The prismatic colors of Morning Glory Pool in Yellowstone National Park don’t typically evoke political discussions, but Tuesday was no ordinary day in the park.
With a federal government shutdown barring visitors from entering national parks around the country, those remaining inside Yellowstone’s boundaries were left wondering whether they would be allowed to stay, and for how long.
“A few people here are just checking their phones to see if there are any updates, and some are just wandering around mumbling things about Republicans,” said Christopher Cauble, a nature photographer from Livingston who was snapping photos in the park’s Upper Geyser Basin.
Cauble entered the park Monday when a shutdown appeared inevitable, and said there were only a fraction of the people typically on hand for a warm, sunny fall day.
“It’s really pretty empty, and kind of strange walking around with so few people here,” said Cauble, who considered himself among the “lucky few” to be in Yellowstone.
Evelyn Burgess was not among the lucky few, and found that her seven-day pass to Yellowstone National Park purchased Monday for $25 was now useless. She was trying Tuesday morning without success to reach someone at the Park Service for a refund.
“I kind of feel like we’re getting screwed over on this deal,” said Burgess, 30, a Seattle bartender who took a week off from work to visit Yellowstone with her mother.
Burgess and her mom spent about three hours in Yellowstone, the world’s first national park, on Monday. They had planned at least two or three more days this week touring the 2.2 million acres of scenic vistas that are home to gray wolves, grizzly bears and more geysers and thermal features than can be found everywhere else in the world.
Burgess estimated she had wasted at least $2,000 in lost wages and travel expenses, including booking a time-share in West Yellowstone, Mont.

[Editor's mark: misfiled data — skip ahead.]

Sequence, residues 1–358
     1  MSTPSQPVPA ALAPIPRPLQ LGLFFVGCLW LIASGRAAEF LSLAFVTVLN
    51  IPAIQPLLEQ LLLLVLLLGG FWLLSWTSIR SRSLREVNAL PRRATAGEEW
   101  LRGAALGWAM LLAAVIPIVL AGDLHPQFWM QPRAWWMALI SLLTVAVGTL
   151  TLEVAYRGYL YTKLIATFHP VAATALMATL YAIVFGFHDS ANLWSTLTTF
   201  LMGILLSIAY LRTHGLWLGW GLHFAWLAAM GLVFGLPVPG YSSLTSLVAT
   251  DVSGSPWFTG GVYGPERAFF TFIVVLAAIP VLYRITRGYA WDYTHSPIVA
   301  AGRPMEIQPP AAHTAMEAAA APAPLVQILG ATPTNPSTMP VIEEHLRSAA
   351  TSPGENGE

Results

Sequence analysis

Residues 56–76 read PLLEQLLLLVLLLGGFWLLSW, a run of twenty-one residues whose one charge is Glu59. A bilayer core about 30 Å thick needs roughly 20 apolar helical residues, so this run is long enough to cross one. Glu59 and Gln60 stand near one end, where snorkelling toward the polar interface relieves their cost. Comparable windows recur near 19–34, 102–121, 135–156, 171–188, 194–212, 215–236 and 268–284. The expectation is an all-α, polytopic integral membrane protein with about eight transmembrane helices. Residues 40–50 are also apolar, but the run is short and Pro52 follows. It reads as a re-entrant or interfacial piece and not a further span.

“But it’s not just that, it’s also the emotional letdown of planning this whole trip and now not being able to even get into the park,” she said.
Burgess and her mother were deciding Tuesday whether to stay in West Yellowstone and explore the fringes of the park or return home. She said she wasn’t so much angry at members of Congress, just frustrated and disappointed at what she saw as childish behavior.
“Yellowstone Park has absolutely nothing to do with health care,” she said.
A partial government shutdown took effect Tuesday after Congressional Republicans demanded changes to existing health care law as part of a temporary funding bill. National Parks across the country were among the first and most widely affected federal facilities to feel the pinch.
Park employees and others who reside inside national parks will be allowed in and out, officials said, and roads that serve remote and isolated communities or that are transit roads through parks will remain open.
But thousands of taxpayers who had planned trips to enjoy the national parks they fund were greeted with gates and closure notices.
Jack Leighton, 63, visited Zion National Park in Utah on Monday and was headed next for Yellowstone on a cross-country trip starting in California with his grown daughter, who had never visited the national parks that Leighton loved as a child.
“We sat there in a cheap motel in Utah last night, turned on the TV and watched the government go down in flames,” he said.
Leighton and his daughter had planned time in Yellowstone, as well as a visit to Mount Rushmore on their way to Rhode Island.
Leighton said he watched busloads of visitors from Europe and Asia snap photos in Zion National Park, and felt embarrassed that they will be turned away today.
“It’s embarrassing and humiliating, and I can’t tell you how frustrated I am that politics has gotten in the way of the beauty of our country,” he said.
Visitors staying in Yellowstone’s lodges, tents and cabins will eventually be given 48 hours to find other accommodations, although park managers had not yet delivered that ultimatum, said Cody Country Chamber of Commerce executive director Scott Balyo, who sat in on a morning conference call with park superintendent Dan Wenk.